Experience a stunning limestone cave in Southeastern Arizona that boasts world-class features. This “live” cave, discovered in 1974, is host to a wide variety of unique minerals and formations. Water percolates from the surface and calcite formations continue to grow, including stalactites dripping down like icicles and giant stalagmites reaching up from the ground.
Lake Havasu State Park
The scenic shoreline of Lake Havasu State Park is an ideal place to enjoy beautiful beaches, nature trails, boat ramps, and convenient campsites. This spot is truly a watersport haven located near the famous London Bridge of Lake Havasu City. The park offers 3 boat ramps, 47 campsites, a special events area (not available on holiday weekends), picnic area, and beach area.
Lost Dutchman State Park
The Superstition Mountains (their name inspired by Pima Indian legends) have been a source of mystery and legend since early times. The area is dotted with ancient cliff dwellings and caves, many showing signs of former habitation. It is not certain who these people were; some believe they were Salado or Hohokam Indians who populated this part of Arizona several centuries ago. Later, Pimas and “Apaches” (some of whom may have been Yavapais) occupied parts of the region. However, the name “Apache” came to be closely associated with the Superstitions, and the mountains became an Apache stronghold in the 1800s.
Lyman Lake State Park Created as an irrigation reservoir by damming the Little Colorado River, Lyman Lake State Park is a 1,200-acre park that encompasses the shoreline of a 1,500-acre reservoir at an elevation of 6,000 feet. It is fed by snowmelt from the slopes of Mount Baldy and Escudilla Mountain, the second and third highest mountains in Arizona.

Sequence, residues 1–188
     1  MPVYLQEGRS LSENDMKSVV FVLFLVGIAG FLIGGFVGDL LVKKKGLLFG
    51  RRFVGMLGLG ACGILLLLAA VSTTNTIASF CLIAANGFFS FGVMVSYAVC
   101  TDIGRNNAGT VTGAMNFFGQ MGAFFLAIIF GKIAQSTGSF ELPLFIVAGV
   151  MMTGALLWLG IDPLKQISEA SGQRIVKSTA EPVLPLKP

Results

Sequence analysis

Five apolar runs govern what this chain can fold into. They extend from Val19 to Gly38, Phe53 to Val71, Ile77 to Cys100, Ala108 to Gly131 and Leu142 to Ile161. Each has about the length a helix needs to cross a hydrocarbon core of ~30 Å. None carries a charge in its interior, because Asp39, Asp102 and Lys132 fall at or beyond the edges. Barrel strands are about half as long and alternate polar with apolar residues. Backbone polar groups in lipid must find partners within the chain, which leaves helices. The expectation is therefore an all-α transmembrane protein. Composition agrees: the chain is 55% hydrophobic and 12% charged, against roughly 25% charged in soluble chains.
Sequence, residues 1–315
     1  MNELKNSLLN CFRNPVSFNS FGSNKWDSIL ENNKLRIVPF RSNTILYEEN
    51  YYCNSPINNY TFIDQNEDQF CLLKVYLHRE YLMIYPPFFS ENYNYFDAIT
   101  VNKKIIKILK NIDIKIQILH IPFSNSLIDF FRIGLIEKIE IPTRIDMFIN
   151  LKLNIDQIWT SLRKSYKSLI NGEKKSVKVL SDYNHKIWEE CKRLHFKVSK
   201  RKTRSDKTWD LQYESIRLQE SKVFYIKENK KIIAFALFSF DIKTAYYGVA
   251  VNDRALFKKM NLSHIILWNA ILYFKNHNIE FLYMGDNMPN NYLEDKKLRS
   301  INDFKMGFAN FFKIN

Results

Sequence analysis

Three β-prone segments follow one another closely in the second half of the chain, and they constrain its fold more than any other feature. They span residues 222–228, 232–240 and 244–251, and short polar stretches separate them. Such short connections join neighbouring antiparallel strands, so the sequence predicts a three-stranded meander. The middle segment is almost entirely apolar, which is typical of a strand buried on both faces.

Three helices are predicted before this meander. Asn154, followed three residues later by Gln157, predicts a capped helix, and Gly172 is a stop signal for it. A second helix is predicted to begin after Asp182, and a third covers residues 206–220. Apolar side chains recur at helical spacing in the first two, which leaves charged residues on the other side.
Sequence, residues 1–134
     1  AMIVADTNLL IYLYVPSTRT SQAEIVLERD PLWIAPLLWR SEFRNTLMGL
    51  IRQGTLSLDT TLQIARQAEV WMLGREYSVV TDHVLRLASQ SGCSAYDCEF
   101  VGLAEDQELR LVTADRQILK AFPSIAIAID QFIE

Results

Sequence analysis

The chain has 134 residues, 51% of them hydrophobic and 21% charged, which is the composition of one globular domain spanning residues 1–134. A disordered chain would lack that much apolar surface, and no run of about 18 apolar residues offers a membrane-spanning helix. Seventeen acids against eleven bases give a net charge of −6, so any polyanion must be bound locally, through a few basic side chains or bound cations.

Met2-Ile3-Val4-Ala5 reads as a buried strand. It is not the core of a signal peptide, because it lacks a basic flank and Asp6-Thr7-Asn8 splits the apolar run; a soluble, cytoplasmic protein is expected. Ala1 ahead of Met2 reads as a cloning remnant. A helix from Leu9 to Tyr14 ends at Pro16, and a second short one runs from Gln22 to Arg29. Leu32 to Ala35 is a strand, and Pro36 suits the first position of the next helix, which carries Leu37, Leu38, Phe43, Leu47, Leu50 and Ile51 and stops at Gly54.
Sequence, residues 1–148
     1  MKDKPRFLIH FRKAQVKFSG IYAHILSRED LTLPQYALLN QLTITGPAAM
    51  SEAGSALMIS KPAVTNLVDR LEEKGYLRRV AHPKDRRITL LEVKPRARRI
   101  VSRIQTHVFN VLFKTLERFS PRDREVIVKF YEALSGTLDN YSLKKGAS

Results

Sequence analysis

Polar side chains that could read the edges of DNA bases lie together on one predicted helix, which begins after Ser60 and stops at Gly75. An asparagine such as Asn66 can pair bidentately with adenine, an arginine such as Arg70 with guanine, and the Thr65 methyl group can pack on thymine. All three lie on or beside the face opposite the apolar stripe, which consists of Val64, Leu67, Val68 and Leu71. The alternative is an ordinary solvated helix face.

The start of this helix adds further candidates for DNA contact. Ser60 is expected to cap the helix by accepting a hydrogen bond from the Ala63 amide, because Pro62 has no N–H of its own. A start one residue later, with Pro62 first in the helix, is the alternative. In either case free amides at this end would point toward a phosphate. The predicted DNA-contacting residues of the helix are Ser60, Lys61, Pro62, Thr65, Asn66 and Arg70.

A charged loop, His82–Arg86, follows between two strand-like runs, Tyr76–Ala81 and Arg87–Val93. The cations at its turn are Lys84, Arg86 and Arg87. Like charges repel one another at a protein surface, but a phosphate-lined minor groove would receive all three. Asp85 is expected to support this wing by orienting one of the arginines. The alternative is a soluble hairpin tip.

Patagonia Lake State Park
Tucked away in the rolling hills of southeastern Arizona is a hidden treasure. Patagonia Lake State Park was established in 1975 as a state park and is an ideal place to find whitetail deer roaming the hills and great blue herons walking the shoreline. The campground overlooks a 265-acre man-made lake where anglers catch crappie, bass, bluegill, and catfish. Trout is stocked every three weeks from October through March.
Picacho Peak State Park
Visitors traveling along I-10 in southern Arizona can’t miss the prominent 1,500-foot peak of Picacho Peak State Park. Enjoy the view as you hike the trails that wind up the peak and, often in the spring, overlook a sea of wildflowers. The park and surrounding area are known for its unique geological significance, outstanding and varied desert growth, and historical importance.
Red Rock State Park is a 286 acre nature preserve and environmental education center with stunning scenery. Trails throughout the park wind through manzanita and juniper to reach the rich banks of Oak Creek. Green meadows are framed by native vegetation and hills of red rock. The creek meanders through the park, creating a diverse riparian habitat abounding with plants and wildlife.
Riordan Mansion State Historic Park
Built in 1904 for two Riordan families, Riordan Mansion is an impressive reminder of gracious living in a small, territorial logging town. The historic building is an Arizona treasure — a remarkable example of Arts and Crafts style architecture featuring a rustic exterior of log-slab siding, volcanic stone arches, and hand-split wooden shingles.
River Island Unit
River Island State Park is ideal for tent campers and can provide a scenic respite, a desert escape, or a fun-filled water adventure. It offers 37 campsites, a ramada, sandy beach, cove, and boat launch area. In the summer, the park unit is most popular for boating, fishing, jet skiing, swimming, and camping amidst a backdrop of beautiful mountains.
Roper Lake State Park
After a long day of driving or hiking, the natural hot springs at Roper Lake State Park are inviting and invigorating. Enjoy desert vegetation, an accessible fishing dock, and stunning views of Mount Graham. Roper Lake is stocked with Largemouth bass and Rainbow trout; it’s a great place for kids to catch their first fish. Boats are limited to small electric motors, creating ideal conditions for a sail board or a canoe.